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Last month we talked about using water softeners for getting rid of minerals that may be in the water, but that's not the only step towards water purification. Because your water source changes at every destination, having filtered water is a necessity while on an RV trip. For one thing, you may not know what’s in your water. Water quality varies depending on where you are in the country and where the campground is getting it from. You don’t want to risk having your drinking water be full of sediment, which is not only a hazard to you, but can also collect in your plumbing system. There are different types of RV water filters and which one you need can depend on how often you travel and your own preferences.

There are two main types of RV water filters: inline filters and water filtration systems. Most inline filters are made for drinking water, as they go under the sink. There are also versions that do connect to your RV’s water supply that will handle all the water your RV uses, not just a single sink. Inline filters can be ideal if you do not use your RV all the time, due to their set-up. However, you’ll want to make sure you have one that is bacteriostatic. That is, the filter media keeps bacteria from growing, which can happen if the filter doesn’t get used for a while. KDF filters are designed to prevent this. The Camco 40043 TastePure is an inline exterior mounted KDF unit with a 100 micron filter (microns refer to the size of the particles the filter can handle). It has a 2.5 gallon flow rate and can last 3-4 months depending on how often it's used. The Shurflo 94-009-50 Waterguard is an inline KDF filter that can work as a universal replacement. It has a 5 micron filter with a 1.5 gallon flow rate. It lasts through 3900 gallons of water.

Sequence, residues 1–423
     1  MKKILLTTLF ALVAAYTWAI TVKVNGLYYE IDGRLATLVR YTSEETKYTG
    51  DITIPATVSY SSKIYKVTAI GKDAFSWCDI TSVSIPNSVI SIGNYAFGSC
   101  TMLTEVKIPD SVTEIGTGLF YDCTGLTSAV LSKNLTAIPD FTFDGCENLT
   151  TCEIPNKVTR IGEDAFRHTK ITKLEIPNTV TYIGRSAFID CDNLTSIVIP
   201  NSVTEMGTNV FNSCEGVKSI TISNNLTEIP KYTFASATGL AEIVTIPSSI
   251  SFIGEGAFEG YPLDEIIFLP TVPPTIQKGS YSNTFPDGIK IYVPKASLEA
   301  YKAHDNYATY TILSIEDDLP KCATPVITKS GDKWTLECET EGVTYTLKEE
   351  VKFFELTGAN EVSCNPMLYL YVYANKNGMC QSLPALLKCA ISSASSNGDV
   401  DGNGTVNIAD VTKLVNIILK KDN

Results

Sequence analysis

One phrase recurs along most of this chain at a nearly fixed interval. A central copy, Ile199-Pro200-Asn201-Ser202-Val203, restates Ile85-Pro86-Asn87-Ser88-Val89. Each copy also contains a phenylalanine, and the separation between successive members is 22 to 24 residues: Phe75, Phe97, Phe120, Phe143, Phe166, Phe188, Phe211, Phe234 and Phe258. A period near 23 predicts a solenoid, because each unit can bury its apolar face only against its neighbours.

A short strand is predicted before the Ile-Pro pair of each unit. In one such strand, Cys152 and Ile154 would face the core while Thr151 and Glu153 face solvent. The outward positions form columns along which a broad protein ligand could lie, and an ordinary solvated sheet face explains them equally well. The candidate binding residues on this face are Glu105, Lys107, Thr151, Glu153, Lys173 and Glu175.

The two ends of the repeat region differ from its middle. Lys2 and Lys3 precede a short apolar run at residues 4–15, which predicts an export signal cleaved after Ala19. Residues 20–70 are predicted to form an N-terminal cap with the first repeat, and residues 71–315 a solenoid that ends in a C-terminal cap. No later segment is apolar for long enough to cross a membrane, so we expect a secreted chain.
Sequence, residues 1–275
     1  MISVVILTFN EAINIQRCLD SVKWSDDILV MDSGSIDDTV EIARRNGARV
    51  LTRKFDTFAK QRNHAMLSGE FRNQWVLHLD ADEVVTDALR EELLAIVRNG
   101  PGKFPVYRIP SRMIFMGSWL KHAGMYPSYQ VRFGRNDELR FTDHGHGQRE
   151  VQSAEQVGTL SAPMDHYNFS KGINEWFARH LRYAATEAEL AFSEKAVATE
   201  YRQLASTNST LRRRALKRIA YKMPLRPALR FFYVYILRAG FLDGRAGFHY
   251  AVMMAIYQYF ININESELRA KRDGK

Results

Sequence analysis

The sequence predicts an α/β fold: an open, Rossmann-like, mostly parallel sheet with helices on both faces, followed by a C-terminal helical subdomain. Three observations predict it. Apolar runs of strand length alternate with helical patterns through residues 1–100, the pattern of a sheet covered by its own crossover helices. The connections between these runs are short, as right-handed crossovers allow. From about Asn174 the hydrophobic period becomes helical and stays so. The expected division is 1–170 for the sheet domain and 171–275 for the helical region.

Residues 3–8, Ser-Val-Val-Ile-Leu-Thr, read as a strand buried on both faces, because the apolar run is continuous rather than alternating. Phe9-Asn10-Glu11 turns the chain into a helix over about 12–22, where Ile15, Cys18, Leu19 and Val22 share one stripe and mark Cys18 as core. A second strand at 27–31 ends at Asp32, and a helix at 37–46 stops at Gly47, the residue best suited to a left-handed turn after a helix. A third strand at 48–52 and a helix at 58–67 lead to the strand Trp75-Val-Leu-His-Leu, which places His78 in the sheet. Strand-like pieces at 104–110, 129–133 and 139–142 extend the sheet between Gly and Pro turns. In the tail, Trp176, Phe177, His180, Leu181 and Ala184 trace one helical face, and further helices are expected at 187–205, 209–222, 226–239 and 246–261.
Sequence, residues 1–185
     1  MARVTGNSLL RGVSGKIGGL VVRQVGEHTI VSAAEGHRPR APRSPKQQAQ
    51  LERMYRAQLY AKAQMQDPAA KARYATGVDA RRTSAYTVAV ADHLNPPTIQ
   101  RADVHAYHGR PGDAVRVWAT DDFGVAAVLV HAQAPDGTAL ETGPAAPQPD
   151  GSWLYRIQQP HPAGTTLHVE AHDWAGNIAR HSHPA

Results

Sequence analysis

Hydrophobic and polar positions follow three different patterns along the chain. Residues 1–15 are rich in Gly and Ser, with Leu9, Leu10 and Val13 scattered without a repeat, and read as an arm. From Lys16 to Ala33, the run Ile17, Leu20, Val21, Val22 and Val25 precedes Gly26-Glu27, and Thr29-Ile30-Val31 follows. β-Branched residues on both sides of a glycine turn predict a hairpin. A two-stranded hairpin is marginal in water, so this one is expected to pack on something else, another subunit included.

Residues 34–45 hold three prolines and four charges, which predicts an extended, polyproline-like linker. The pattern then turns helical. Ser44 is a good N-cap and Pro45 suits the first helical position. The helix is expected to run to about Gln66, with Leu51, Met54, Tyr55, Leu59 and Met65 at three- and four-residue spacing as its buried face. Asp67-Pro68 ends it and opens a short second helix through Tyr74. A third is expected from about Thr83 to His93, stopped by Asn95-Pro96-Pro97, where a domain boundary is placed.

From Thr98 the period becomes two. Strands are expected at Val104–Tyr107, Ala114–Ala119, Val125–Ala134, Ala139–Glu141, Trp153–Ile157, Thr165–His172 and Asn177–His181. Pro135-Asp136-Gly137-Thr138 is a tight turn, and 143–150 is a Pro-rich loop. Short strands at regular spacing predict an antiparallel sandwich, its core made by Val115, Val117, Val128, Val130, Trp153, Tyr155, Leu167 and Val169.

Canister based water filtration systems on the other hand are connected to the RV’s water system to filter all the water coming in. They come as single, dual, or even triple cartridges. Single versions have one combination filter, dual cartridges use a separate sediment filter and a taste/odor filter, and triple systems typically have two sediment filters and a taste/odor filter. Carbon filters are used to take care of taste and odor problems. If you go RVing often or full time, water filtration systems are the better option. The Flow Pur dual filtration system has a sediment filter and a KDF carbon filter. It connects to the outside water supply and can last about a year before the filters need replacing. Camco HL-200 is a single canister unit that has a 2.5 gallon flow rate and lasts through 11,000 gallons.

No matter what type of RV water filtration you use, the filters will eventually fill up and have to be replaced or cleared. Keep in mind inline filters also do not last as long as canister water filtration systems. If you notice a difference in the flow rate, an obstructed water filter may be the cause. Replacement cartridges are available for brands such as Camco, Shurflo, Flow Pur, and Culligan.

Choosing RV Water Filters